Amnesia is an oft used (and overused) trope of video game narrative. Certainly, one can understand the allure of introducing a character unfamiliar with the world and himself as the basis for an avatar for the player just loading up a video game. This state is more or less the state of the player, and, thus, introducing the player to the world and the character that he will be inhabiting over the course of the game makes practical sense. It is about as similarly useful as the old chestnut in fantasy literature of introducing main characters from another world into a fantasy landscape (a la Narnia) or the country bumpkin into the larger fantasy world (The Hobbit and Lord of the Rings), which likewise allows the reader to be introduced alongside such inexperienced characters to the workings of an unfamiliar world.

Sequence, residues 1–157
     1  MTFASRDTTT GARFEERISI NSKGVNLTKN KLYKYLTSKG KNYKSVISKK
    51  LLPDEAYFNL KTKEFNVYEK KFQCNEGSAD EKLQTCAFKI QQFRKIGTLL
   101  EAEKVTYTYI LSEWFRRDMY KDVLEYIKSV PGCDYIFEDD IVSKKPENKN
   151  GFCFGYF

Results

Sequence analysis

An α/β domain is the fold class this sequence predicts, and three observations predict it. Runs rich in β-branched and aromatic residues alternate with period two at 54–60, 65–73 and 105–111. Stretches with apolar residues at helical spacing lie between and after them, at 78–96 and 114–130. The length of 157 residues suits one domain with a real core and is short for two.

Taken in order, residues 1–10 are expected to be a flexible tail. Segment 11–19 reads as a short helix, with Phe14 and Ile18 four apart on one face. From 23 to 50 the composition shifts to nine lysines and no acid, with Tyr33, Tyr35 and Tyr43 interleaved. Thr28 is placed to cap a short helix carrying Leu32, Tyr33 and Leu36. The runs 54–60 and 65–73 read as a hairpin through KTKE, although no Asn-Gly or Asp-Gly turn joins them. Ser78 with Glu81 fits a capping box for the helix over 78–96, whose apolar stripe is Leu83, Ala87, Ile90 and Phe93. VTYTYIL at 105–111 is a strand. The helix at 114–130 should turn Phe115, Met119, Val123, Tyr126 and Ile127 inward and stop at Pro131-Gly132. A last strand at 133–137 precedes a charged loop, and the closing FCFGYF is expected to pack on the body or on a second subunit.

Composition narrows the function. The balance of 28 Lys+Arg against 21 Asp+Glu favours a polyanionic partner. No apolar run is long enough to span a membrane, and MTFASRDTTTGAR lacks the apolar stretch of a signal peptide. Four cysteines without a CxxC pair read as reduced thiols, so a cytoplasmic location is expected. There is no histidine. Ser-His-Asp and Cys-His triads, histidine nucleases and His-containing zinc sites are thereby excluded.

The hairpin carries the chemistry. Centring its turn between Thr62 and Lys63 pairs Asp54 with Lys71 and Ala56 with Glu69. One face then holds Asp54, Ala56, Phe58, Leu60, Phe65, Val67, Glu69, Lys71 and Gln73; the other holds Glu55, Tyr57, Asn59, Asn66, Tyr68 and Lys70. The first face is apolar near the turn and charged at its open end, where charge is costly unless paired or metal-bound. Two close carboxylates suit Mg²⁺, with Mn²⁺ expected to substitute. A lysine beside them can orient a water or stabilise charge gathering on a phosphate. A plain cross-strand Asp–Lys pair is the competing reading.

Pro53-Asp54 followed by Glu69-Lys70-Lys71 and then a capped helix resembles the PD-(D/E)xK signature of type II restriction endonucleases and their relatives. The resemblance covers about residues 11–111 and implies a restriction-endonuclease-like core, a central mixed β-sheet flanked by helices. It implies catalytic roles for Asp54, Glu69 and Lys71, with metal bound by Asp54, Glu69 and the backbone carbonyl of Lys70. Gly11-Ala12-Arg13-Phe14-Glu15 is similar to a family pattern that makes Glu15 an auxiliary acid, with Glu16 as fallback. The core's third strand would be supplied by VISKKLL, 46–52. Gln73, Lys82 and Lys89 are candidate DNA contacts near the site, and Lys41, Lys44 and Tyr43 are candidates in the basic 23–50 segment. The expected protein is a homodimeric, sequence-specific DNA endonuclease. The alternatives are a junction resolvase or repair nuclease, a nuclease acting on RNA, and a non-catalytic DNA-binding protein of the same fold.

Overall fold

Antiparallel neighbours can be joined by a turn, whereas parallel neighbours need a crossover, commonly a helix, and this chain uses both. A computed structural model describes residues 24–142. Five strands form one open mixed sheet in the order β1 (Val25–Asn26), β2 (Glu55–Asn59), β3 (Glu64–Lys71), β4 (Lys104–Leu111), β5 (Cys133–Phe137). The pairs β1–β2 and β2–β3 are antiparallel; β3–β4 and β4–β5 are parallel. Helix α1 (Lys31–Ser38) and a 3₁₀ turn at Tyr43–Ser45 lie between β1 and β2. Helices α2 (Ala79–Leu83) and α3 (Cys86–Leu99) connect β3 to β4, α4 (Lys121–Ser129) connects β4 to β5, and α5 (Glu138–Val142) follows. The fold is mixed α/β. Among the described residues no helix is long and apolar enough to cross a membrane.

While Access Games’s Deadly Premonition falls back on this idea of the player being familiarized with a world through an “outsider” to that world (in this case, a reversal of the usual “country bumpkin” model, as Francis York Morgan is an experienced, urban dwelling FBI agent who finds himself on assignment in the weird world of small town America), it suggests a much more interesting way of defining the relationship between the player and this character in another way. Rather than creating a parallel between the amnesiac and the newbie player, the schizophrenic becomes the metaphor in Deadly Premonition for the relationship between the player and the character. That metaphor is a fairly compelling one.